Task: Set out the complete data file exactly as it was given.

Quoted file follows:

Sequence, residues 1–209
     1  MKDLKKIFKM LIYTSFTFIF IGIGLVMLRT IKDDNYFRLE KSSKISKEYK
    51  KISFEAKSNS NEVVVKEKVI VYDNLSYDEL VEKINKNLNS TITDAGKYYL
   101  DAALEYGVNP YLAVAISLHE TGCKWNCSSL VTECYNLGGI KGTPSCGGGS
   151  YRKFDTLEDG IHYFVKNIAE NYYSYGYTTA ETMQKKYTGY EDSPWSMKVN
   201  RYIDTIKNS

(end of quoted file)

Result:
Sequence, residues 1–209
     1  MKDLKKIFKM LIYTSFTFIF IGIGLVMLRT IKDDNYFRLE KSSKISKEYK
    51  KISFEAKSNS NEVVVKEKVI VYDNLSYDEL VEKINKNLNS TITDAGKYYL
   101  DAALEYGVNP YLAVAISLHE TGCKWNCSSL VTECYNLGGI KGTPSCGGGS
   151  YRKFDTLEDG IHYFVKNIAE NYYSYGYTTA ETMQKKYTGY EDSPWSMKVN
   201  RYIDTIKNS